Trouble with you is the trouble with me,
    Got two good eyes but we still donít see!

  8. #98

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    Good conversations. I haven't really been reading this blog in the past week or so. Thus, I haven't responded to a lot of the comments. I will just summarize what we are doing and why. First we are moving forward with permitting to bring the loading area down to about where the middle of the existing mountain operations building is now. It is within 50 feet of the existing river bank but we have existing buildings there and will have less impermeable surface so we think that is a strong case to get ANR approval. Located there the corral will be sufficiently away from Bravo, so you will not see a cluster. It is fixed rather than HSQ for three reasons. Sure, cost is a factor. But we also want to make sure the uphill capacity doesn't not put too many on those slopes. And yes, fixed grip are more reliable as they do not have all the sophisticated electrical systems that HSQs do. We are planning a conveyor loading belt which will allow us to run the lift around 500 feet per minute which is a lot faster than VH runs today. It will be a noticeable difference. We are locating the top terminal lower so it is less susceptible to wind. We are blasting the ledge on skier right of Valley House Traverse above Stein's to allow skiers to have a much wider trail to ski around top terminal. This will improve that area materially. With eight seats out of the base area, I doubt anyone will complain about lift lines. This is probably all I have to say until after permitting.

  9. #99
    Sounds great, and prudent. Conveyor belt a nice touch!

  10. #100
    Quote Originally Posted by win View Post
    Good conversations. I haven't really been reading this blog in the past week or so. Thus, I haven't responded to a lot of the comments. I will just summarize what we are doing and why. First we are moving forward with permitting to bring the loading area down to about where the middle of the existing mountain operations building is now. It is within 50 feet of the existing river bank but we have existing buildings there and will have less impermeable surface so we think that is a strong case to get ANR approval. Located there the corral will be sufficiently away from Bravo, so you will not see a cluster. It is fixed rather than HSQ for three reasons. Sure, cost is a factor. But we also want to make sure the uphill capacity doesn't not put too many on those slopes. And yes, fixed grip are more reliable as they do not have all the sophisticated electrical systems that HSQs do. We are planning a conveyor loading belt which will allow us to run the lift around 500 feet per minute which is a lot faster than VH runs today. It will be a noticeable difference. We are locating the top terminal lower so it is less susceptible to wind. We are blasting the ledge on skier right of Valley House Traverse above Stein's to allow skiers to have a much wider trail to ski around top terminal. This will improve that area materially. With eight seats out of the base area, I doubt anyone will complain about lift lines. This is probably all I have to say until after permitting.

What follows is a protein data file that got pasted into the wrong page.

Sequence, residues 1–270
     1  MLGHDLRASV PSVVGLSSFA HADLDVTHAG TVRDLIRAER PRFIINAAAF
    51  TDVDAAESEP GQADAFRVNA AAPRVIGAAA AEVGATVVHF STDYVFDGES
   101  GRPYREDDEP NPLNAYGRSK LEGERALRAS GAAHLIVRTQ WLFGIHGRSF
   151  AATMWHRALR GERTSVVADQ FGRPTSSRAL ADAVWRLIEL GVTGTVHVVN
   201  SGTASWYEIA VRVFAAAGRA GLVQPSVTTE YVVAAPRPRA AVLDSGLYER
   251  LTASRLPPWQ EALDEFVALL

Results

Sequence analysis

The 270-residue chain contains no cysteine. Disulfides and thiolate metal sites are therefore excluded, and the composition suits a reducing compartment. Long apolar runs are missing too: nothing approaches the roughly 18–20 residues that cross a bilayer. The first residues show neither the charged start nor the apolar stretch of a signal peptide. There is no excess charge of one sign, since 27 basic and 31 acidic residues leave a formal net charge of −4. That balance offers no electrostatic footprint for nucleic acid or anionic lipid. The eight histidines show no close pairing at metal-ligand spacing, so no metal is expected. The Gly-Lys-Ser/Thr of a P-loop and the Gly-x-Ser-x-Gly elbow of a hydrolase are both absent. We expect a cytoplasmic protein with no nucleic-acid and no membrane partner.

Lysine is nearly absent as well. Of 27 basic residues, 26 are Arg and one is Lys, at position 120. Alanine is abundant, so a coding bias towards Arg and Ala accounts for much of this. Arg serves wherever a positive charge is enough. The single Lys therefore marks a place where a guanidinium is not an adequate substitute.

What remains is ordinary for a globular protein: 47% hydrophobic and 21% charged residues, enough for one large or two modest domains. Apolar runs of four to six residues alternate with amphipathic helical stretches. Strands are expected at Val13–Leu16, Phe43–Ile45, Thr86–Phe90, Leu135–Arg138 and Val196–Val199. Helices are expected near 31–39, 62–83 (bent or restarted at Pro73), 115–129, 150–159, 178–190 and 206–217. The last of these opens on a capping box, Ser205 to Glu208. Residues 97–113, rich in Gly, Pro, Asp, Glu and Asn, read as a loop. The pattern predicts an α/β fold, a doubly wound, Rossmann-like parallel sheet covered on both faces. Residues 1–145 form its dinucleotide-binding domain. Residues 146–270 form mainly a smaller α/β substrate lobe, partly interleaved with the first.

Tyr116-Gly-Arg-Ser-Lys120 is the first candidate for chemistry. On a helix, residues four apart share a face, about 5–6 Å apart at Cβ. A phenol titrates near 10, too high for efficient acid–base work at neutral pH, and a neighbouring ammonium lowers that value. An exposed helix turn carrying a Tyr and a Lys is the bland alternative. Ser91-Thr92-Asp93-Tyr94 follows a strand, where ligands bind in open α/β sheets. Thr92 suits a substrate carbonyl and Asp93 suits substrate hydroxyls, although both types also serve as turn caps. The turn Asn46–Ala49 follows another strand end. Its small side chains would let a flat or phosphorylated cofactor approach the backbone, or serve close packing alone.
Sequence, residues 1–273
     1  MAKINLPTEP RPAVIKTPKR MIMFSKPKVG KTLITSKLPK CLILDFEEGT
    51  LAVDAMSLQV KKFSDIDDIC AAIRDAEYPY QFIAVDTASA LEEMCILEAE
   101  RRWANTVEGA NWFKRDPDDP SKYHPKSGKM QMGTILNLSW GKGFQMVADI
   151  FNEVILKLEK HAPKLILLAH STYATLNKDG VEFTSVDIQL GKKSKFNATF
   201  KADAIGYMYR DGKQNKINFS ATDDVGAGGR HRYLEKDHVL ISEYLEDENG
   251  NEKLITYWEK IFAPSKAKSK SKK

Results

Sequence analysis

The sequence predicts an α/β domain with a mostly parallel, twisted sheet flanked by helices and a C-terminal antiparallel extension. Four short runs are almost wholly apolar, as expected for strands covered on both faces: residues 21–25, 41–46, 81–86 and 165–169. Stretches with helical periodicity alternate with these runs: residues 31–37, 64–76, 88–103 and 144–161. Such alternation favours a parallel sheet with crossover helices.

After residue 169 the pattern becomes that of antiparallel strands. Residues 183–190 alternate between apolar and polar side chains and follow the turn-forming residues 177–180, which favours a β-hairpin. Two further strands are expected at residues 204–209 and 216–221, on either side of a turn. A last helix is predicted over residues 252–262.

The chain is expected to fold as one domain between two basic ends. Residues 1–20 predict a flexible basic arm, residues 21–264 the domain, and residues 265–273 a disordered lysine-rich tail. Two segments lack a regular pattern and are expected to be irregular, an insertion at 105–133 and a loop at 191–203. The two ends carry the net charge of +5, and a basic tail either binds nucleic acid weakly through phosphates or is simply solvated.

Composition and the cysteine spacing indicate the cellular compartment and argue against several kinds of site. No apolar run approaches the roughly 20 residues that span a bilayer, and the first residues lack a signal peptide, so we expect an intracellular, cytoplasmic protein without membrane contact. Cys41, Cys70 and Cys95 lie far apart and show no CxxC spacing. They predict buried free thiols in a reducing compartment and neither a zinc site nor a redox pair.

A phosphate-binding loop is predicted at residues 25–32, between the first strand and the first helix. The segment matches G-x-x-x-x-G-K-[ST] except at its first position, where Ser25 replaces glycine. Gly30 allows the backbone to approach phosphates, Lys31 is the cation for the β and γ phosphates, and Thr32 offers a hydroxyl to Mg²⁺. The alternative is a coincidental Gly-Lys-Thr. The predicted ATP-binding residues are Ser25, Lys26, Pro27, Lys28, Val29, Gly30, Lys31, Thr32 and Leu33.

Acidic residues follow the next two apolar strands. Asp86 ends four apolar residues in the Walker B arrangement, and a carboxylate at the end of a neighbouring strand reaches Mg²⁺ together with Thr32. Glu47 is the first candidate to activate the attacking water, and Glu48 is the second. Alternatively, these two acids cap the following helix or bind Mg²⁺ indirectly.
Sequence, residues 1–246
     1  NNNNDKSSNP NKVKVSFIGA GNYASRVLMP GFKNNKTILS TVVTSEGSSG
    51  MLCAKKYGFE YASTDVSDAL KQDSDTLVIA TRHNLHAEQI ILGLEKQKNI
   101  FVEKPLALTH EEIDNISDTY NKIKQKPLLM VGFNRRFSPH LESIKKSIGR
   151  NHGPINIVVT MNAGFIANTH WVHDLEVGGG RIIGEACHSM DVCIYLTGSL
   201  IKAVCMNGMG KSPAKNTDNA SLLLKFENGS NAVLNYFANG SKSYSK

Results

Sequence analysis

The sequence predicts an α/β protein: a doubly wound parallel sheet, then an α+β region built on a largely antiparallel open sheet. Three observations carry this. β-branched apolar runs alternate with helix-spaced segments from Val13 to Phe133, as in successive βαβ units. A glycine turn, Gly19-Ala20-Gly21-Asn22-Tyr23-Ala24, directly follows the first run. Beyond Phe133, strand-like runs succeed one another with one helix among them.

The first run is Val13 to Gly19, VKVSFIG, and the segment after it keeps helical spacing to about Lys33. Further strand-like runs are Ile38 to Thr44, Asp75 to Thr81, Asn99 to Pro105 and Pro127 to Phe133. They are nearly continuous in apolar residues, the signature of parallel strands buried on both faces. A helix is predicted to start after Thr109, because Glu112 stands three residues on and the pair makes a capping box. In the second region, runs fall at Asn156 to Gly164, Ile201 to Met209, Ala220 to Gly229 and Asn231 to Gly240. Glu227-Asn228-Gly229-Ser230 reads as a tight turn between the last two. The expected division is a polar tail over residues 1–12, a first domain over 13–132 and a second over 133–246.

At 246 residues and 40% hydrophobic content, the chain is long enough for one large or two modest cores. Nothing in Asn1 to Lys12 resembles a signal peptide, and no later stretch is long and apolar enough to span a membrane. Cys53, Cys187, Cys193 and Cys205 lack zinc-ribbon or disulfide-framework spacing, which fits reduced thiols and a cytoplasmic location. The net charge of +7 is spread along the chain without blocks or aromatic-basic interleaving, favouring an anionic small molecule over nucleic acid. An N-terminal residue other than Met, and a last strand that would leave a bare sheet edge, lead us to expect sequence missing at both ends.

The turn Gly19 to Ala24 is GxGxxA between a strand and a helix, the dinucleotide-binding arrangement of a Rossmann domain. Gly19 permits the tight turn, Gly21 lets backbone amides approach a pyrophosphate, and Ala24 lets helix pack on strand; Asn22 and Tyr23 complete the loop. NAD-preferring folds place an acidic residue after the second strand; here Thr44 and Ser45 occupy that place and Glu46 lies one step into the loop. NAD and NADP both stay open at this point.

Win, that solution sounds perfect. I think it will greatly improve the ski experience.

  11. #101
    I guess it would have been helpful as Bravo is down this am to start the first day of MLK weekend, claybrookers hate to walk up the hill to VH for earlyups.

  12. #102

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    Yes, The cold temperatures last night drained the batteries so we made VH the early lift, replaced the batteries and it opened at 8:40am.

  13. #103
    Why does a lift need batteries. Also now whats going on with the north-ridge which shut down at about 9:15 and inverness opened late.

  14. #104
    I would assume the valley house replacement is needed to avoid a catastrophic failure. I would assume that is safe for now but I don't know how much longer it has left.

  15. #105
    Quote Originally Posted by Benski View Post
    Why does a lift need batteries. Also now whats going on with the north-ridge which shut down at about 9:15 and inverness opened late.
    Auxiliary diesel would need batteries to start. On the other hand one would hope they are on battery tenders to keep them charged. It would also be prudent to use block heaters on all of the auxiliary engines to keep them happy.